A1: Nano-needles on CMOS for Intra-Cellular Retinal Contacts (Seidl, Knoch)
An optimal visual impression is achieved by a robust interface to a high number of retinal cells. Our proposal aims at the design and fabrication of a three-dimensional nano-electrode array which will allow a direct contact of many retinal cells with preferably intracellular contact or in close vicinity to the respective cell.
A2: 2D-Materials for Electrode-Retina Interfaces and for improved Biocompatibility and Coating of flexible Implants (Knoch, Seidl)
A major issue of retina implants is the long-term stability and bio-compatibility of the electrodes interfacing the retina cells. The aim of the current project is to use graphene as bio-compatible surface coating and exploit the high conductivity and the ability of graphene to serve as diffusion barrier. In the project, appropriate three-dimensional electrodes, locally covered with graphene will be fabricated and thoroughly characterized regarding their interface contact properties to retinal cell, bio-compatibility and durability.
A3: Three-dimensional flexible retinal implants for in vivo retinal applications (Offenhäusser, Ingebrandt)
This project proposes a new generation of retinal implants: bidirectional microelectrode arrays, also called BiMEAs. Here, we aim to develop a three-dimensional (3D) intraretinal implant consisting of a stack of flexible and ultrathin penetrating microelectrode arrays (MEAs). In this way, we can enable access of the 3D intraretinal space of the retina to perform simultaneous electrical stimulation and recording of the retina. To this end, this project comprises the design, fabrication, validation, and the implementation of an insertion strategy to conduct in vivo applications with the novel implant.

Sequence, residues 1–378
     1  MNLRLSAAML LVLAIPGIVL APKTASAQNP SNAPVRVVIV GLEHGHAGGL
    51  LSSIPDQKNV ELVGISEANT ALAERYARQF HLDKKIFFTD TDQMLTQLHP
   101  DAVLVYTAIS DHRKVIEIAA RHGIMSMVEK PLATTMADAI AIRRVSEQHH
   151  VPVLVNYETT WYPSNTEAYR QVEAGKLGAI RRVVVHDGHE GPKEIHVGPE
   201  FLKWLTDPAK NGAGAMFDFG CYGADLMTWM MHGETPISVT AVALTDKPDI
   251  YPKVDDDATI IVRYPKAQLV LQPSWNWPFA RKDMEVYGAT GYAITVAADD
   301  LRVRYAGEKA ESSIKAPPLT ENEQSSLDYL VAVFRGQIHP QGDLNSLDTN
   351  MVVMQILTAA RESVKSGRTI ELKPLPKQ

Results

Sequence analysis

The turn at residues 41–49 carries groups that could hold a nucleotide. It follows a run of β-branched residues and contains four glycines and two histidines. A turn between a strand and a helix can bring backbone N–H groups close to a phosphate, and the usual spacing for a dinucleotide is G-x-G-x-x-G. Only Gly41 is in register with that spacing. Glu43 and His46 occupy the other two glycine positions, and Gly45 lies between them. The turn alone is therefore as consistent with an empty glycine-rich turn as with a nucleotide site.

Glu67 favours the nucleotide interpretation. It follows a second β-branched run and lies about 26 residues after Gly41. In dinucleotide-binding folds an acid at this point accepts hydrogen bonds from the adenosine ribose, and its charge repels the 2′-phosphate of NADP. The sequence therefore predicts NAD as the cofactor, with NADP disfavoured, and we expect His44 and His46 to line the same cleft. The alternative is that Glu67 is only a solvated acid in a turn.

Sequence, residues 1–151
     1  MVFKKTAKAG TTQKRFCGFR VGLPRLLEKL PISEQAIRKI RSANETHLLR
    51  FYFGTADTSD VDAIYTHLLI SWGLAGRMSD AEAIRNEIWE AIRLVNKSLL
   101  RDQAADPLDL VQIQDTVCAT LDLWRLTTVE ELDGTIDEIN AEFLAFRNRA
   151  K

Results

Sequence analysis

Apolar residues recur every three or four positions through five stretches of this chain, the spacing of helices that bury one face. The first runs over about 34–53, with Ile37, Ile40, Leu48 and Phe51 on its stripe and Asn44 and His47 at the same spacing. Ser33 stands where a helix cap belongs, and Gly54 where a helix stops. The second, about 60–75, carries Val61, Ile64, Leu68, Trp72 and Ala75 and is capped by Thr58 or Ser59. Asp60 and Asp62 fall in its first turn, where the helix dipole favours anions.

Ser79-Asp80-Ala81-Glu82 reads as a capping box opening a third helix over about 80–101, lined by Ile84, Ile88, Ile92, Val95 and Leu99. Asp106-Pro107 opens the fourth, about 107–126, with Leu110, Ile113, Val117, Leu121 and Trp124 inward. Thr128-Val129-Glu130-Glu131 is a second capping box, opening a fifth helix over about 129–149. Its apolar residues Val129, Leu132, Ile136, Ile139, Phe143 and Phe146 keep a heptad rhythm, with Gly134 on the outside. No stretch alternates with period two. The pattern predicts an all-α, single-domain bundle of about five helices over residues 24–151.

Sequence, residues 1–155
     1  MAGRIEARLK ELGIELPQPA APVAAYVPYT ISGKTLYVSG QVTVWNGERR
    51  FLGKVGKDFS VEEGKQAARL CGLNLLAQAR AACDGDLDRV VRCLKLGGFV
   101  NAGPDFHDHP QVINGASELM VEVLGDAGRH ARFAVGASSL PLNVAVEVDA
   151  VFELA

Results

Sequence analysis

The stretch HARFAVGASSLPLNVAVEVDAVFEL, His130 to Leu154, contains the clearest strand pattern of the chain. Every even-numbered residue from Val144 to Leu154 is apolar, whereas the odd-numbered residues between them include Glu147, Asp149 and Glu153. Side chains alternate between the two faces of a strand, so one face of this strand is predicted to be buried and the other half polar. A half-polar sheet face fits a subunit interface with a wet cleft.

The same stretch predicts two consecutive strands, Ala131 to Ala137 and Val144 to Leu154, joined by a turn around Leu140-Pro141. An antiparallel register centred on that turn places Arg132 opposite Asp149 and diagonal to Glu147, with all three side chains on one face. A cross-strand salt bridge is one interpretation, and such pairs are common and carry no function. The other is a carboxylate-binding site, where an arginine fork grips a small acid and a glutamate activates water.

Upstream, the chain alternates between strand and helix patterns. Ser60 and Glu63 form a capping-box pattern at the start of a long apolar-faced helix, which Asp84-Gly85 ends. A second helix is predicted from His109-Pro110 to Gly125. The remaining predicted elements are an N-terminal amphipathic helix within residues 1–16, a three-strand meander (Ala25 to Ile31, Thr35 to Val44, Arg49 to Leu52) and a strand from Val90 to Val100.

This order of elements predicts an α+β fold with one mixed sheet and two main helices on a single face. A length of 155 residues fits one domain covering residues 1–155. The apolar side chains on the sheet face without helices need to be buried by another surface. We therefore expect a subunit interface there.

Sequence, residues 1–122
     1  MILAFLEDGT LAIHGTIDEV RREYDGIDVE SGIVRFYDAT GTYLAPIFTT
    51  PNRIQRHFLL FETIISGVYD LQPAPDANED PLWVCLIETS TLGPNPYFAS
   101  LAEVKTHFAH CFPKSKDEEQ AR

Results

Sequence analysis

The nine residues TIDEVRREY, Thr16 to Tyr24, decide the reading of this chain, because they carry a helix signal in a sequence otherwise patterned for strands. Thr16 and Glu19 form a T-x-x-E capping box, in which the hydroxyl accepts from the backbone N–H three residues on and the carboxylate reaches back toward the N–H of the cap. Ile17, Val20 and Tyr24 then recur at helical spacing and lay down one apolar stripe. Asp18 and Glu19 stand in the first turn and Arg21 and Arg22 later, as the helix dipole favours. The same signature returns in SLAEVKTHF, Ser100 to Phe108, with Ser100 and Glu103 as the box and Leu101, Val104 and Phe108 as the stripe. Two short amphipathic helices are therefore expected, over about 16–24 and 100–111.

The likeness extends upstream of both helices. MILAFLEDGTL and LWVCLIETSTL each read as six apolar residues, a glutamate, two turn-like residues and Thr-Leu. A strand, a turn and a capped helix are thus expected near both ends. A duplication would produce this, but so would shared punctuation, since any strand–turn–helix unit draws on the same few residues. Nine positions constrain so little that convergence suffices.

A4: Flexible micro fluidic system with integrated electrodes for local stimulation, recording and electroporation (Ingebrandt, Johnen)
In this project, we propose the investigation of an advanced optically supported electroretinogram characterization scheme with a sub-cellular spatial resolution. This is achieved by a dense matrix of specially designed optical emitters implemented in an integrated photonic chip (PIC) technology. The primary focus of the project is the design and implementation of said optical PIC frontend. In a later stage, the system will be used for characterizing samples of degenerated retinae.